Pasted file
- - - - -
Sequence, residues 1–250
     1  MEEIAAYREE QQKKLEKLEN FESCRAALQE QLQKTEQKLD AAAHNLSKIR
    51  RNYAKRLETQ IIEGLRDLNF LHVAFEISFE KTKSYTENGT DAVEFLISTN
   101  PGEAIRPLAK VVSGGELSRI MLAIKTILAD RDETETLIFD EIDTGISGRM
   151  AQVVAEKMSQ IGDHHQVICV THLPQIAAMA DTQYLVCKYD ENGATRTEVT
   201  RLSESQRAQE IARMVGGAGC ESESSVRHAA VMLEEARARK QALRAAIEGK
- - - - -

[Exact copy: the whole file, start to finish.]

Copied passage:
Sequence, residues 1–250
     1  MEEIAAYREE QQKKLEKLEN FESCRAALQE QLQKTEQKLD AAAHNLSKIR
    51  RNYAKRLETQ IIEGLRDLNF LHVAFEISFE KTKSYTENGT DAVEFLISTN
   101  PGEAIRPLAK VVSGGELSRI MLAIKTILAD RDETETLIFD EIDTGISGRM
   151  AQVVAEKMSQ IGDHHQVICV THLPQIAAMA DTQYLVCKYD ENGATRTEVT
   201  RLSESQRAQE IARMVGGAGC ESESSVRHAA VMLEEARARK QALRAAIEGK